Is it time to put the old hot rod in storage until spring?
Lots of people only own seasonal cars - or they choose to put a car in storage if they have a second home that they plan to live in for months out of the year. But storing your car is about a lot more than just parking it in the garage and hoping everything is still good when you go to use it again.
When you're planning to store your car for more than 30 days, there are certain steps you need to follow:
Top off the Gas Tank
Most on-road fuels these days contain some sort of ethanol concentration. And with all the cons of ethanol, one big one when it comes to storage is that ethanol has a tendency to draw water from the surrounding environment into the fuel over time, potentially deteriorating it. So top off your fuel tank before putting your car in storage to ensure that water doesn't have a chance to build up. We'd also recommend administering a fuel additive to stabilize the fuel and ensure it's still good when you go to start your car up again.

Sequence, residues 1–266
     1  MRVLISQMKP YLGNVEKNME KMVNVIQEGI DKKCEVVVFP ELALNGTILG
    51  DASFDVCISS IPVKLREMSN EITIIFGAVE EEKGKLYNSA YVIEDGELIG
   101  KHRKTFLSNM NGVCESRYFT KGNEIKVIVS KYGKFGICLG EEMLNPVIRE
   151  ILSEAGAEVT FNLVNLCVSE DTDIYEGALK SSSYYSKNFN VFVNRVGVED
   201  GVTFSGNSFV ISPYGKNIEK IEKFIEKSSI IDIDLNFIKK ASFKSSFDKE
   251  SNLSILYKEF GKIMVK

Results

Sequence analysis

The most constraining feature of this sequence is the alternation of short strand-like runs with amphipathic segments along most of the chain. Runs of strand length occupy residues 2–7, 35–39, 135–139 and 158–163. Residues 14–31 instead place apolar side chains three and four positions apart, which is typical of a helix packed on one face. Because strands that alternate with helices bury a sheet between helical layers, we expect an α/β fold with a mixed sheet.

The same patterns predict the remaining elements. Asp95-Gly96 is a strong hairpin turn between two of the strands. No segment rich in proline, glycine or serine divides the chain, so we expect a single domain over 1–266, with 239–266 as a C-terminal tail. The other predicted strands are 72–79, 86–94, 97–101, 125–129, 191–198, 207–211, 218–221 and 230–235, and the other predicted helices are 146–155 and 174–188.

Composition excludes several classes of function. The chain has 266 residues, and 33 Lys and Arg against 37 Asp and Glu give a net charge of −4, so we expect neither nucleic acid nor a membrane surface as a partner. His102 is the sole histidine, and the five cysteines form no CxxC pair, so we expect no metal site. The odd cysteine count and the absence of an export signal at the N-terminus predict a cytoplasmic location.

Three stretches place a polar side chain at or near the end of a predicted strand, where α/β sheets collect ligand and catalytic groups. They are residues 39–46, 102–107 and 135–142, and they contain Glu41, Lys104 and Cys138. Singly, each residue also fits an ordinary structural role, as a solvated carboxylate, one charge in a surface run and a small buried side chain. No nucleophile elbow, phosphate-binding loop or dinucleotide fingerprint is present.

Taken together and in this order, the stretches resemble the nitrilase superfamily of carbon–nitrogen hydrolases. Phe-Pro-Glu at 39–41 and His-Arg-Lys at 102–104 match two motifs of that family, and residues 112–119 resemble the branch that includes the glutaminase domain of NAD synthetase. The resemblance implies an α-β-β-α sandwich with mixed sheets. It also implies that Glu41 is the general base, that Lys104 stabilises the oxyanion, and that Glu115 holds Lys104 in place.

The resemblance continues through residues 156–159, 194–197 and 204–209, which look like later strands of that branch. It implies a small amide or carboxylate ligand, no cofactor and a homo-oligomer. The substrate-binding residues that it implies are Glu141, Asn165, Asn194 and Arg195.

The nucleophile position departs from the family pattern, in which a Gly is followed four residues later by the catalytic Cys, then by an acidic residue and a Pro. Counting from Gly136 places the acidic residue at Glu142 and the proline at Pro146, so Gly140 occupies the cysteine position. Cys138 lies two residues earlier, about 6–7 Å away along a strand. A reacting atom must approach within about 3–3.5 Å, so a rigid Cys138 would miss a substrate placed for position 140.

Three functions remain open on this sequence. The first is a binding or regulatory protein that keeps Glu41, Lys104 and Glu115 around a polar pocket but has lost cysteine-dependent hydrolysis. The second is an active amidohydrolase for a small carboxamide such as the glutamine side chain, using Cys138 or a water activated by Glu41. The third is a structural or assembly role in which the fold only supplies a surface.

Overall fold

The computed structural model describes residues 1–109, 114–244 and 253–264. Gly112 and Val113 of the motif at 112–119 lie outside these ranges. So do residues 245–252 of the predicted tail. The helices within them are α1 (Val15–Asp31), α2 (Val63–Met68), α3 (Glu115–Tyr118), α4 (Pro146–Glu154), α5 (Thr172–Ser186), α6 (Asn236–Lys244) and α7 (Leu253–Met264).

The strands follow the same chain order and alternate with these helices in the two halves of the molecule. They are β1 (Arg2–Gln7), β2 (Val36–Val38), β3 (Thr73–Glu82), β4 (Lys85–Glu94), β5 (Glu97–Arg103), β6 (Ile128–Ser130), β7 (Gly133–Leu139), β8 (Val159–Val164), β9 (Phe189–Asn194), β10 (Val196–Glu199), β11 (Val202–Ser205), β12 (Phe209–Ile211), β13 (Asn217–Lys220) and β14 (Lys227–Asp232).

Change the Oil
Used engine oil has contaminants and acids that could potentially cause damage to the engine if it's left to sit for long periods of time. So an oil change prior to storage is always a wise decision.
You should be storing your vehicle in a garage or covered structure to protect it from any inclement weather. We also recommend covering it with a car cover, just in case something were to fall in the garage and potentially dent the body or damage the paint job. Also, make sure you have comprehensive insurance on the car, in case the unthinkable were to happen.
Clean it and Wax it
Give your car a good thorough wash and wax before putting it into storage. This helps ensure that any contaminants, like bird droppings or mud, don't cause permanent damage to the paint job.
As you can see, storing a car is about a lot more than just parking it in a garage and then forgetting about it until you're ready to drive it again. To review, you need to: